Nigeria is made up of over 250 tribes which all have their peculiar cultures and traditions of which dance is among. The cultural or traditional dances of Nigerian tribes are used for so many purposes which include: unifying the members of a tribe; telling folktales or the history and traditions of a community; showcasing the wealth and strength of a tribe; celebrating; performing religious duties; entertaining and so on. Below is OldNaija‘s compilation of probably the best and most entertaining traditional dances from selected Nigerian tribes.

Ekombi Dancers
Ekombi Dancers | Global Peace Production

1. The Ekombi Dance– The Ekombi dance is peculiar to the Efik people of Calabar, Cross River state. It is a beautiful and entertaining dance in which maidens are dressed in multi-coloured attires sewn in a mini skirt and blouse form which exposes their tummy. The maidens are also decorated with beads of different colours and sizes. The Ekombi dancers whine gracefully to the rhythmical beats of the Efik drummers in the movement of ocean tides. The Ekombi dance of the Efik people shows the beauty and maturity of a woman.

Nkwa-Umu_Agbogho Dancers
Nkwa-Umu_Agbogho Dancers | Imo Online

Continue reading Top 5 Traditional Dances in Nigeria

Ibi Ugwu (Male Circumcision) In Igbo Land

Circumcision in Igbo land

The act of circumcising babies in Igbo land is an ancient culture and tradition of the Igbo people which has its origin from their traditional religions. “Circumcision is the act of removing female genitalia, or a simple fold of skin (foreskin and prepuce) that covers the head of an un-erect penis”. In ancient times, the Igbos circumcise both male and female children, but as modernization set in, the circumcision or genital mutilation of Igbo female children was stopped while that of male continued till today. Continue reading Ibi Ugwu (Male Circumcision) In Igbo Land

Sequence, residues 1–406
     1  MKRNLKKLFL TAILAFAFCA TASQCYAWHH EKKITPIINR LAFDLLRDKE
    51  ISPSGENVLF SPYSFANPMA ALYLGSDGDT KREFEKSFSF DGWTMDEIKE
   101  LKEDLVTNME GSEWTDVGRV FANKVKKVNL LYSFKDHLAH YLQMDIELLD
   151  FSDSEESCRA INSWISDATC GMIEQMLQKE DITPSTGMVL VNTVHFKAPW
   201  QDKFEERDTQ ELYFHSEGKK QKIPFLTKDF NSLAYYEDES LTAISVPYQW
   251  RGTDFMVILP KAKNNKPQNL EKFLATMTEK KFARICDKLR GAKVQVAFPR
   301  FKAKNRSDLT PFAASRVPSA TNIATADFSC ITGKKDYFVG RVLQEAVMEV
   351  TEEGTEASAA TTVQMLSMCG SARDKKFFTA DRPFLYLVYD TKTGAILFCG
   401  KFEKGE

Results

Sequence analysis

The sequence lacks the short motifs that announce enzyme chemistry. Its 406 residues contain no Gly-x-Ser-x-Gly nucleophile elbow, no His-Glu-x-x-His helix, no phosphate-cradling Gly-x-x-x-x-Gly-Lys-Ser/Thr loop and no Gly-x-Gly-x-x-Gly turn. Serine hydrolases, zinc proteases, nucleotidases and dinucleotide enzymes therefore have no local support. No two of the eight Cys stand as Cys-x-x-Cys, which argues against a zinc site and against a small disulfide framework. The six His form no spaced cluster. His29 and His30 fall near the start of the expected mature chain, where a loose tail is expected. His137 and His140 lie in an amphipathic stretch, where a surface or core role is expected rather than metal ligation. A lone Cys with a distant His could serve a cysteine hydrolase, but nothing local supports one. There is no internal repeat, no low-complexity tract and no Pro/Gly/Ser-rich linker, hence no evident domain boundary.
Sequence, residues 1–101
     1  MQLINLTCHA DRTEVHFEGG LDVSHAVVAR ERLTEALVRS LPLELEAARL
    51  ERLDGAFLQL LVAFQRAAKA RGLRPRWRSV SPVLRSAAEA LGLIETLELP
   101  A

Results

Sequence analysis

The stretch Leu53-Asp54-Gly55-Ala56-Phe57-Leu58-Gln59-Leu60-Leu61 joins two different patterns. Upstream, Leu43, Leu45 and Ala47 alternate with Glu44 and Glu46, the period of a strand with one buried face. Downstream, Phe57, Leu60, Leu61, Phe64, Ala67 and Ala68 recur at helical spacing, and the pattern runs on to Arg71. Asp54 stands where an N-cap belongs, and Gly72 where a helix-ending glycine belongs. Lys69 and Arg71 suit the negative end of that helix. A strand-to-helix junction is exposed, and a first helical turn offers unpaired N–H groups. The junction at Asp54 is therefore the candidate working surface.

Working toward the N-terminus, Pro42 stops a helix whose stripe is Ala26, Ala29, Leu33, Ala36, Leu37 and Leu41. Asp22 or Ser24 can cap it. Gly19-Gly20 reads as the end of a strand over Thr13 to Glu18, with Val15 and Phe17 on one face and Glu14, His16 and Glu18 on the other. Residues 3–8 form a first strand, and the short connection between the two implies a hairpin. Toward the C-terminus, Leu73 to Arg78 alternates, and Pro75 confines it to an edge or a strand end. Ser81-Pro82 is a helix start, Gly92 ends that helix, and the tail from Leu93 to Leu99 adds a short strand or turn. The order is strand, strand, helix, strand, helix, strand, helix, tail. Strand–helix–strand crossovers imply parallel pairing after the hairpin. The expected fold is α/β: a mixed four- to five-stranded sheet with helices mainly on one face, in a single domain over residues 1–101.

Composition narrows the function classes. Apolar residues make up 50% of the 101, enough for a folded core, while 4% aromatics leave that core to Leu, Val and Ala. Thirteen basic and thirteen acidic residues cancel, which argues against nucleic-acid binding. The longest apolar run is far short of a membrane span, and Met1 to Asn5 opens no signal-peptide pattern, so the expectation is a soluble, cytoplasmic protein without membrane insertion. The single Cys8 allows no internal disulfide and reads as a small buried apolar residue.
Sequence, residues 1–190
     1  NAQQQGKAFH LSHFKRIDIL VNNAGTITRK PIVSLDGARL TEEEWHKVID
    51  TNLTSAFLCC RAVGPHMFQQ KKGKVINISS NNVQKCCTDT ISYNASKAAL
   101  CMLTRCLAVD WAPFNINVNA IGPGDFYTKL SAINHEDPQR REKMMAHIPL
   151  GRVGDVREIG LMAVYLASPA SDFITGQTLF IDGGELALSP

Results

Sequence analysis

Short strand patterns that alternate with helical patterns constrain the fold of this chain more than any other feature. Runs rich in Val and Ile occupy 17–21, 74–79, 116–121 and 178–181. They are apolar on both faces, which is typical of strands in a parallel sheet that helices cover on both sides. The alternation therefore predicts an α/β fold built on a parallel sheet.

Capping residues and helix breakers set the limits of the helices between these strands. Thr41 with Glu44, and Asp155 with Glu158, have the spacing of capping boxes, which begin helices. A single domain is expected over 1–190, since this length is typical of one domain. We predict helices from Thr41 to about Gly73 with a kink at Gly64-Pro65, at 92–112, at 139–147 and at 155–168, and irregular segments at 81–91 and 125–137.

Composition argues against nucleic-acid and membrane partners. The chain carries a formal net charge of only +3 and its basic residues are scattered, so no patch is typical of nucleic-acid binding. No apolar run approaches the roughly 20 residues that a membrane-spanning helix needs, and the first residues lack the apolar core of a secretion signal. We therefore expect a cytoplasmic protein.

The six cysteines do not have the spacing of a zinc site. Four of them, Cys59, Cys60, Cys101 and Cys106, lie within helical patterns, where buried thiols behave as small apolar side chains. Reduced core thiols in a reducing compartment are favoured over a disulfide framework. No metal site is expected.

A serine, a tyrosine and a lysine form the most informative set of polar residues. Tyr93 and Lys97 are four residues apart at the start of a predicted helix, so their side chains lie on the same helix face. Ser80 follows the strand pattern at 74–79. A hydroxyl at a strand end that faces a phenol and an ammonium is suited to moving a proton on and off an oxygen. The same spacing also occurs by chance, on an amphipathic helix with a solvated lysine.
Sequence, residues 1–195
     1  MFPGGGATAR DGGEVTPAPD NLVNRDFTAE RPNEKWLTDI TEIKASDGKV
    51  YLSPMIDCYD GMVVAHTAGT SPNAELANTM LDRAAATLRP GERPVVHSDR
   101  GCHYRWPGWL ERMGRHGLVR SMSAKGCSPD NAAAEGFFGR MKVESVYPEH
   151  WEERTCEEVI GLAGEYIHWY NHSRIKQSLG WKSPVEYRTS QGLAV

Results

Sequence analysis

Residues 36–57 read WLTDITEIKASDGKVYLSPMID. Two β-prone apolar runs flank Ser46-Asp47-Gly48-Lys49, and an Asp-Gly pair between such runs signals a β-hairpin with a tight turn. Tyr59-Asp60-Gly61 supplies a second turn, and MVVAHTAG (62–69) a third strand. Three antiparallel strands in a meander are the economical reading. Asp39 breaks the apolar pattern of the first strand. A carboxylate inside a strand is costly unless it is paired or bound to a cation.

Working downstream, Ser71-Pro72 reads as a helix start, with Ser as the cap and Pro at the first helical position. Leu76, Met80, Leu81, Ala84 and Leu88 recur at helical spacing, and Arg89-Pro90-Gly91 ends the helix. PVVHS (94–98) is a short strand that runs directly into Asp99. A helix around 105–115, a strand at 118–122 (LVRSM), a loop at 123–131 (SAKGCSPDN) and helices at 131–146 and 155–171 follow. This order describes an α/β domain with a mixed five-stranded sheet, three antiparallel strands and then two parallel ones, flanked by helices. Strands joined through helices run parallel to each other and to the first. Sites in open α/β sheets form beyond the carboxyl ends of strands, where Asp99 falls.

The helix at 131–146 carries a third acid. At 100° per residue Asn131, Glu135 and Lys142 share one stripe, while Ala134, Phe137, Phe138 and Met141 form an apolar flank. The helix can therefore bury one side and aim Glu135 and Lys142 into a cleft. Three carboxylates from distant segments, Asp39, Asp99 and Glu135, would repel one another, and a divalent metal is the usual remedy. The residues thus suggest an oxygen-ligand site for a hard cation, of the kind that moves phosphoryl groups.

Oruko Amutorunwa (Pre-Destined Names) In Yorubaland

Yoruba Twins
Ibeji (Twins)

In Yoruba land, one of the most important things done when a child is born is to give the child a name. This comes after the child’s ritual birth, massage of specific body parts and other rites as well. Names are given to the child by the father, mother, grandparents (paternal and maternal) and some close relatives also. But sometimes, the circumstance of a child’s birth will automatically give the child a name. This name is known as ‘orúko àmútọ̀runwá’ (pre-destined or generic name) in Yorubaland. Continue reading Oruko Amutorunwa (Pre-Destined Names) In Yorubaland

Samuel Okwaraji- Life, Career and Death

Sam Okwaraji

Samuel Sochukwuma Okwaraji was a prolific and professional Nigerian football player who played for both international clubs and his country. He was born in Orlu, a city in Imo State, to a duty officer, Mr. David Okwaraji and a headmistress, Lady Janet Okwaraji on the 19th of May, 1964. Samuel Okwaraji attended WTC Practicing School, Enugu for his primary education and Ezeachi Secondary School, Orlu, Imo State. Sam Okwaraji also attended Federal Government College in Orlu and finally completed his studies in law in the University of Rome, Italy, but did not take up the profession after schooling. While bagging his masters in international law in the University of Rome, Samuel Okwaraji played for NK Dinamo Zagreb, VfB Stuttgart and SSV Ulm 1846 where he performed exceptionally. Continue reading Samuel Okwaraji- Life, Career and Death

Yoruba Culture and the Left Hand

Yoruba culture and left hand

The Yoruba people are one of the three major ethnic groups in Nigeria. They inhabit the south western part of the country and are the second most populated of the three major Nigerian ethnic groups, followed by the Igbos of eastern Nigeria. The Yoruba people are well known for their strong desire for peace and unity at home and in diaspora. They are also known for their rich cultures and traditions which include: lifestyle, religions, dressings, beliefs and so on. The Yorubas, also called Omo Odua (offspring of Oduduwa- the progenitor of the Yoruba tribe), cherish every aspect of their cultures and traditions; none is being overlooked or handled with less importance and care because they practice them daily.

Ethics is a vital aspect of the Yoruba culture. The Yoruba attach great importance to ethical significance because they believe that this aspect of their culture is highly essential to every individual’s life. They also believe that it will be easy for someone with good ethics to succeed in life and the other way round for the one who lacks it. Therefore, the Yoruba people use all means to teach their children good manners and morals and how to use them in the society. Some of the means they use are: storytelling, songs, poetry, oral lecturing and so on. Continue reading Yoruba Culture and the Left Hand

Nigerian Vice Presidents From 1966 Till Date

Yemi Osinbajo

Vice President  | President/Head of State | Type of Government

* Babafemi Ogundipe | Aguiyi Ironsi | Military

* J. E. A Wey | Yakubu Gowon | Military

* Olusegun Obasanjo | Murtala Mohammed | Military

* Shehu Musa Yar’dua | Olusegun Obasanjo | Military

* Alex Ekwueme | Shehu Shagari | Democratic